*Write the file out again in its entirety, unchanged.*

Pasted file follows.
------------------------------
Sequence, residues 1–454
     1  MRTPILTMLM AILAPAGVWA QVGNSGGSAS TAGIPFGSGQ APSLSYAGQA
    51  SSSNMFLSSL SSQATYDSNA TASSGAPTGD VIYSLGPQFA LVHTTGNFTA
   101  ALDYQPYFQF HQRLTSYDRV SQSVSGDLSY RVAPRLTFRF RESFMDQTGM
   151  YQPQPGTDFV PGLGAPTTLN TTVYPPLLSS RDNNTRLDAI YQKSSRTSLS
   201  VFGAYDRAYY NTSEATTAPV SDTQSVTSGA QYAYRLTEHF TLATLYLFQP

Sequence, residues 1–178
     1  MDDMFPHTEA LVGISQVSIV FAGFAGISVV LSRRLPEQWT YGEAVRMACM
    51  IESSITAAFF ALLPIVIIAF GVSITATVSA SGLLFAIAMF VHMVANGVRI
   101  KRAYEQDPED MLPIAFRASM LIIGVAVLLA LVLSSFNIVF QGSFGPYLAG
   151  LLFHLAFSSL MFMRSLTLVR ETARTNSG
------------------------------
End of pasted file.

Sequence, residues 1–454
     1  MRTPILTMLM AILAPAGVWA QVGNSGGSAS TAGIPFGSGQ APSLSYAGQA
    51  SSSNMFLSSL SSQATYDSNA TASSGAPTGD VIYSLGPQFA LVHTTGNFTA
   101  ALDYQPYFQF HQRLTSYDRV SQSVSGDLSY RVAPRLTFRF RESFMDQTGM
   151  YQPQPGTDFV PGLGAPTTLN TTVYPPLLSS RDNNTRLDAI YQKSSRTSLS
   201  VFGAYDRAYY NTSEATTAPV SDTQSVTSGA QYAYRLTEHF TLATLYLFQP

Sequence, residues 1–178
     1  MDDMFPHTEA LVGISQVSIV FAGFAGISVV LSRRLPEQWT YGEAVRMACM
    51  IESSITAAFF ALLPIVIIAF GVSITATVSA SGLLFAIAMF VHMVANGVRI
   101  KRAYEQDPED MLPIAFRASM LIIGVAVLLA LVLSSFNIVF QGSFGPYLAG
   151  LLFHLAFSSL MFMRSLTLVR ETARTNSG